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What does "vu et archirevu" mean? I'm guessing it's something like "seen and seen over" or "been there, done that" but I cannot find "archirevu" in any dictionary. Here's an example:

L'Italie et ses beautés, vu et archirevu.

Source: Le Point – Publié le 16/06/2011 à 10:25

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up vote 8 down vote accepted

archi- is a prefix used to indicate something pushed to its limits, going further the usual meaning.

Its use is rather colloquial today, but it still remains in some words, mainly in religious/noble titles : archevêque (archbishop), archiduc (archduke), archiprêtre (archpriest)...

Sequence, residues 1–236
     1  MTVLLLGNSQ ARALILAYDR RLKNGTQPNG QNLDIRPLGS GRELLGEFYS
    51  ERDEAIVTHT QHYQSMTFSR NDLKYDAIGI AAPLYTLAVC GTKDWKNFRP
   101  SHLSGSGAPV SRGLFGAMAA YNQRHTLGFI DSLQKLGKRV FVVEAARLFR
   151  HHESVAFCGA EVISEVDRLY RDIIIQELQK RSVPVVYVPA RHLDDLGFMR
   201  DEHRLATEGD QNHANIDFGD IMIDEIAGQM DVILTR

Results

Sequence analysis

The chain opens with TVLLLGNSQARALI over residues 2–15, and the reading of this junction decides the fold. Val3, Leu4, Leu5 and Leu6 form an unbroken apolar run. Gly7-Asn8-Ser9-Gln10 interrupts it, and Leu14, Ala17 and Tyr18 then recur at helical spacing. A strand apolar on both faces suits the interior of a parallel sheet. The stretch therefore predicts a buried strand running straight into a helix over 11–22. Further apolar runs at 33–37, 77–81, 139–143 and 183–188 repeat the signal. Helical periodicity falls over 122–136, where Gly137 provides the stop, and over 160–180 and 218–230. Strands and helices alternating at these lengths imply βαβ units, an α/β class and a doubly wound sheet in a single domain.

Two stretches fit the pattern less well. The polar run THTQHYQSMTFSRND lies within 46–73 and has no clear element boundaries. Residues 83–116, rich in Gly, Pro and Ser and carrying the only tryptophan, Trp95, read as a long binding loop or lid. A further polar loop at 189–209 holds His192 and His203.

In your context, archirevu would mean exactly what you guessed, seen again and again. Some other common colloquial uses are archicomble / archiplein (meaning a place is full over the top), archifaux (something totally wrong), archiconnu (extremely well-known)

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I would add that “vu et revu” is somewhat idiomatic (meaning “seen many times”). “vu et archirevu” is an intensifier on that. –  Gilles Sep 19 '12 at 19:49
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It is a repetition. It means "again and again". Your sentence could be translated like this :

Italy and all its beauties, seen again and again.

Moreover it is normal that you do not find "archirevu" because it is not one word but two. It is not "archirevu" (which does not exist in French) but "archi revu".

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